of literature, language and playing the game of life

We Indians have this sublime ability to see the pain and misery around us and yet remain unaffected by it.

Actually, we Filipinos share the same thing. We actually have a word for remaining unaffected by pain and misery: manhid.

There is a core of melancholy that surrounds her.       Even in her smile I detect a hint of sadness.

The contrast with my own imperfect life pinches me with the force of a physical hurt.

I like the way Vikas phrases thoughts. And not surprisingly, India and Philippines share many things in common when it comes to the literary world — from writing in native languages vs. writing in English, getting published internationally, “friendly conflicts” between English writers and non-English writers, you get the drift. He shared all these in a panel called “Writing the Asian Experience in English” during the National Book Development Board’s Lit Out Loud International conference last year (November 2010). From that panel, what I got out of that is his insight on adapting English as your own, regardless of its colonial heritage, and then do whatever you want with it. Hence, we have “Asian English” as he expounded.

fangirl mode with Indian author Vikas Swarup (November 2010 Makati)

But I guess having different colonizers who have different approaches to the English language also matters here. I think it also comes with the culture of the people that invaded us. While Vikas was telling us about how Indian writers who use “Hinglish” (Hindu+English) or “Indian English” have re-appropriated the (British) language to suit their cultures, we here in the Philippines still try ever so hard to still sound like Americans when we speak in English (twangggggs and all, y’know), hence our own brand of re-appropriation called “Filipino English” gets laughed at or mocked, usually by snobbish societies. As if they have great command of the foreign language, right? But that’s beside the point. Some other time.

And that re-appropriation is clear in Vikas’ 2005 debut novel Q&A which was the basis of the film Slumdog Millionaire, the Academy Award-winning film by Brit Danny Boyle. But I also know now why, in another panel at that same conference, Vikas confessed that he kinda didn’t wanna associate his name with the screenplay version of his book hehe. But of course it also has something to do with “Hollywoodizing” literature, or in his case, “Bollywoodizing” perhaps, to a certain extent, in terms of heightening the drama for an audiovisual medium and all that adaptation stuff. But yes, that’s another discussion altogether.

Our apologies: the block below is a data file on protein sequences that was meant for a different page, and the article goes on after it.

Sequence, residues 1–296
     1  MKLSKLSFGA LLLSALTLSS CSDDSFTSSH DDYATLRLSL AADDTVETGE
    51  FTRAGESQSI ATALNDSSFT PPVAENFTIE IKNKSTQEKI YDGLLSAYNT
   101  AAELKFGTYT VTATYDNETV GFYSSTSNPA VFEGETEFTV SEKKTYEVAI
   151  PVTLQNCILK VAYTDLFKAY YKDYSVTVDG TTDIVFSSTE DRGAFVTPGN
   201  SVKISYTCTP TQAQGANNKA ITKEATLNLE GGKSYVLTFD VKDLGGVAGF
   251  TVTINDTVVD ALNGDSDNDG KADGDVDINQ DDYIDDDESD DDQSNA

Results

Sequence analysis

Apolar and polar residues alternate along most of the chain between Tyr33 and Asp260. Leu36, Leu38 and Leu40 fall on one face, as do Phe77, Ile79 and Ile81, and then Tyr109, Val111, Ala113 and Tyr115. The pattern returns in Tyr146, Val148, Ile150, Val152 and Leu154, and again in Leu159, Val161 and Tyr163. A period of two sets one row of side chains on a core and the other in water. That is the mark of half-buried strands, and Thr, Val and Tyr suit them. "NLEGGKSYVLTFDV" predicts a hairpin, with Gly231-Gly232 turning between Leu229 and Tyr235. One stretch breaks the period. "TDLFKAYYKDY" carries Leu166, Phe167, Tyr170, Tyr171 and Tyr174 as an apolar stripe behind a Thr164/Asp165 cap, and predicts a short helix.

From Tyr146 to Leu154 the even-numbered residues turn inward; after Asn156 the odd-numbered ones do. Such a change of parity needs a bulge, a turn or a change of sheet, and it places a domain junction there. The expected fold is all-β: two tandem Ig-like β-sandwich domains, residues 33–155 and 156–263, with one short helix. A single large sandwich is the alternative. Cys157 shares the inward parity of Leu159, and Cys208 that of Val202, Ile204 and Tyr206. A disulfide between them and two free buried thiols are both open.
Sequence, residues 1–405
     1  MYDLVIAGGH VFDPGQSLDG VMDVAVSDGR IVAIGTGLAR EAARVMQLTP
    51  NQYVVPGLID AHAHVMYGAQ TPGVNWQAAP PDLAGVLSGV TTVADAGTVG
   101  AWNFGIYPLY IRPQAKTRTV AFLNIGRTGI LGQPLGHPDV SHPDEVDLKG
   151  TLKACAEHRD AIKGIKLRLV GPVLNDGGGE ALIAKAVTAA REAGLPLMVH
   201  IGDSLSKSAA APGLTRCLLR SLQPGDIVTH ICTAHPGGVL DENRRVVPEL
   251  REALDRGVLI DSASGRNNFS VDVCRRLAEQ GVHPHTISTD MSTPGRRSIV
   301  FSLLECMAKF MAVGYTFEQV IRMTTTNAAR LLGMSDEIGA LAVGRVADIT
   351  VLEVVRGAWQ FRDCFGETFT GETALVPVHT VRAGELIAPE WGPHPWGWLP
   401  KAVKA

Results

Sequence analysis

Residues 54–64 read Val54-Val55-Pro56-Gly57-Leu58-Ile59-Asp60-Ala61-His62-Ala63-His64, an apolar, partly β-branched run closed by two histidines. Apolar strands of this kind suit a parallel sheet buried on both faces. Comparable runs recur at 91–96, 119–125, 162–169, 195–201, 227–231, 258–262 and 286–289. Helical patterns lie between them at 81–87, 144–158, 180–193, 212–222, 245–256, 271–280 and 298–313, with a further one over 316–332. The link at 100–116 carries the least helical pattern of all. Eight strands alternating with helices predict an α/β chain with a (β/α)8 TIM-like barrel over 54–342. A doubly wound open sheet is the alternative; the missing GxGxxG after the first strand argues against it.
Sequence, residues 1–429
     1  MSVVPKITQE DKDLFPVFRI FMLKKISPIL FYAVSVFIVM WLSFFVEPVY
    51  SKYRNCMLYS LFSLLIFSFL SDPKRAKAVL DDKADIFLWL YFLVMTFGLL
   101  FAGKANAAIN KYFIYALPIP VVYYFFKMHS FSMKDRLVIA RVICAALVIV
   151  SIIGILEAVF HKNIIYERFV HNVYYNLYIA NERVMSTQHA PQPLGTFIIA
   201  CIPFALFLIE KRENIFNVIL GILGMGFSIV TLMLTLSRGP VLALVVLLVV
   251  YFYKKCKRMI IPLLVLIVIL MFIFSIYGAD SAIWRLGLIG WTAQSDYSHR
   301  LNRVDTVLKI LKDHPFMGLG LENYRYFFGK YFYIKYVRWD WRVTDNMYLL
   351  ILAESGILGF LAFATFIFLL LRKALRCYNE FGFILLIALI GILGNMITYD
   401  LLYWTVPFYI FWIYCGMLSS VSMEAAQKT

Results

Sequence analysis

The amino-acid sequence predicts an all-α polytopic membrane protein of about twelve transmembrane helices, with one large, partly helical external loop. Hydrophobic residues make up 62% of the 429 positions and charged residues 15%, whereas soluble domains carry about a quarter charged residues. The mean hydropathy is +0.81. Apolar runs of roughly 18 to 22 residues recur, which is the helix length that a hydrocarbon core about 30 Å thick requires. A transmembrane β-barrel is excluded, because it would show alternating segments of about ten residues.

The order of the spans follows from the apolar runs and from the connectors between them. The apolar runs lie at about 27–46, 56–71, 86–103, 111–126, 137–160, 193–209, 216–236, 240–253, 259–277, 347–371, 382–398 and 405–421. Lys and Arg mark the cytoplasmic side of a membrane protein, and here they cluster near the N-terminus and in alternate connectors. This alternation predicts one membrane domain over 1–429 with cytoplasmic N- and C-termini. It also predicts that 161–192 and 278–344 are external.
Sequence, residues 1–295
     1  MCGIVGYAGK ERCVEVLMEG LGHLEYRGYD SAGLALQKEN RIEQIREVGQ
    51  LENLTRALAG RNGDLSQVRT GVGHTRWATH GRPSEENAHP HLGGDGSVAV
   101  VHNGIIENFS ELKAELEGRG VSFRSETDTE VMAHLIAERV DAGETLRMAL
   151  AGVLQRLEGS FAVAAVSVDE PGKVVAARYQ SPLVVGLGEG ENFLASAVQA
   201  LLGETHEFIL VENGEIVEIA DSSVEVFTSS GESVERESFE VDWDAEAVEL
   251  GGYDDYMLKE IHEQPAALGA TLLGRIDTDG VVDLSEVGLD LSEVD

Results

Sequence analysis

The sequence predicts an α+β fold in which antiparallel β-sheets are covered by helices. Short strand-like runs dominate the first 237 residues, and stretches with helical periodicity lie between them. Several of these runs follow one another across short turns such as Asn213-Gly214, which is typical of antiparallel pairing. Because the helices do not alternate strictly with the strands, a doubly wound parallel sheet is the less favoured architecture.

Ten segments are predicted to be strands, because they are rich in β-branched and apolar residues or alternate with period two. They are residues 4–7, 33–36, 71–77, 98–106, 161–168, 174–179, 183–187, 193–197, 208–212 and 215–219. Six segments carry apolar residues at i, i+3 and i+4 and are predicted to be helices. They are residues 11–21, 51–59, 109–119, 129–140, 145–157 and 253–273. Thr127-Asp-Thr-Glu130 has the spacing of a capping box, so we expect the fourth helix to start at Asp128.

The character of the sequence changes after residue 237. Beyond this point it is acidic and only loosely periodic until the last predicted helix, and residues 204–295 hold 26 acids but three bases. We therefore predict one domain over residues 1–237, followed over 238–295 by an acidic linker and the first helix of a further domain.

I just finished his book and I guess it was a good thing that I saw Slumdog first, just to get it off my mind. I was able to enjoy Q&A better as I tucked away the movie from my mind. The basic premise of the film was still lifted from the book, but I think I liked the circumstances depicted in the book better. It’s not as manipulative as the film of course, and we know that for a fact since film is all about manipulation in varying degrees anyway. The novel gives us breathers in the sense that you get to pause for a bit and enjoy the rich scenes after each chapter, and yes, each chapter has very, very rich and tightly-plotted scenes. I guess this is kind of reflective of the way you would eat Indian dishes — one at a time, pause in the middle of different courses, to savor the flavors in each dish, each bite.

Comme ca:

and this is just the appetizer tray (at Vatan vegetarian Indian resto in Manhattan / March 2010 New York)

The story is still the same with the film: Ram Mohammad Thomas, an unschooled streetwise orphan teen, joins an Indian fictitious version of the TV game show Who Wants To be A Millionaire and answers each question correctly, up to the top spot. The novel shows how he got to know each answer correctly, and how each question had a direct (and always deeply emotional) relevance to his life. The game show question and answer structure gave an easy plotting structure to the story as it unfolds, and I think that’s one strategy that really works well here. It’s now easier for the writer to craft meaty scenes in between, appearing as some form of flashback of Ram’s life. Easy.